Hello, I am curious if you trade treasury cash or futures. I am relatively new to trading ZB/ZN futures, but have been accustomed to the way they're quoted (for example 149'20 etc). I was wondering why you always refer to treasuries by yield level. I am having a hard time translating mentally yield to price.

Market Owl said...

Trade futures. I refer to yield because the price to yield relationship changes everyday for the 10 year note/30 year bond because of carry, yield curve flattening/steepening, etc. Also, ZN is actually a 7 year futures contract, because cheapest to deliver Treasury is around 7 year in maturity. ZB is actually more like a 20 year futures contract, not a 30 year.

So there is no futures contract that is a 10 year Treasury equivalent, and most bond traders use the 10 year as the benchmark for support/resistance levels.

Market Owl said...

By the way, some useful links if you want to know the current yield for the 10 year and 30 year Treasuries, as well as 10 year German Bund.

http://www.investing.com/rates-bonds/u.s.-10-year-bond-yield

http://www.investing.com/rates-bonds/u.s.-30-year-bond-yield

http://www.investing.com/rates-bonds/germany-10-year-bond-yield

Unknown said...

it seems you look at a variety of things at the same time: 10 year yield/30 year yield/bund yield in addition to price action of ZB/ZN/FGBL. I presume it's because you're more or less a position trader. I'm used to day-trading ZB only by focusing on the price/volume alone. it has been an eye opener for me during the past month or so since I started reading your blog.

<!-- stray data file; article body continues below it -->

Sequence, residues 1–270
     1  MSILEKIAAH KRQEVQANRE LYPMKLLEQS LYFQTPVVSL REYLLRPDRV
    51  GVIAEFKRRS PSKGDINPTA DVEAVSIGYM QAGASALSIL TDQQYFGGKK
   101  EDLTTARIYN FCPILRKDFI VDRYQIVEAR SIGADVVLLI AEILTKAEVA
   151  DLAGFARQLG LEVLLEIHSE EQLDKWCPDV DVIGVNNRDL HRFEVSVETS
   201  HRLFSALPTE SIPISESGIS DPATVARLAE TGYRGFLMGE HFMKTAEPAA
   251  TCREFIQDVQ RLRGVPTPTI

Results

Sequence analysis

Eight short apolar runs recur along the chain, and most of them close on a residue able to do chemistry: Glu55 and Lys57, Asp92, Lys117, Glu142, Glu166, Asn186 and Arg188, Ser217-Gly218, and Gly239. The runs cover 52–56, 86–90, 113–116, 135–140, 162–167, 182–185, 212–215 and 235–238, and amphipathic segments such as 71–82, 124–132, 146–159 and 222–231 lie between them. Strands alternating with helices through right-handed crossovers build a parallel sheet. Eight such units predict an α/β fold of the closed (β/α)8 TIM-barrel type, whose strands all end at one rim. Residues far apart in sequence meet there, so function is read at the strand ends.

thank you

Market Owl said...

Yes, it helps me predict how Treasuries will do from a relative strength perspective, across maturies and compared to other sovereigns like Bunds. I prefer to get long Treasuries when Bunds look like they have either bottomed or look to rise, and try to stay out of the way when Bunds look weak or when Treasuries are underperforming Bunds. Right now, the Bund is probably the main driver of the recent Treasury weakness.

I do some day trading but I am more of a swing/position trader. I find it easier to predict moves occurring over two days to two weeks rather than intraday.

Unknown said...

I find it easier to predict intra-day moves rather than over-night (let alone over-week), but that's just different trading styles.

by the way, since you're into relative strength across maturities and countries, have you thought abut/traded spreads?

Market Owl said...

I sometimes trade the ZN/ZB spread, but I am mostly trading outright positions. I have never traded a Treasury/Bund spread, and not interested at the moment.

Anonymous said...

Hi MO, what is ur thoughts on rate hike? Do u think it will happen this year? Thx

Market Owl said...

Fed will be like Kentucky basketball players: one and done. So a measly 25 bps hike, which I expect in December, will be it. Dont even think they will raise rates in September because they are such pansies.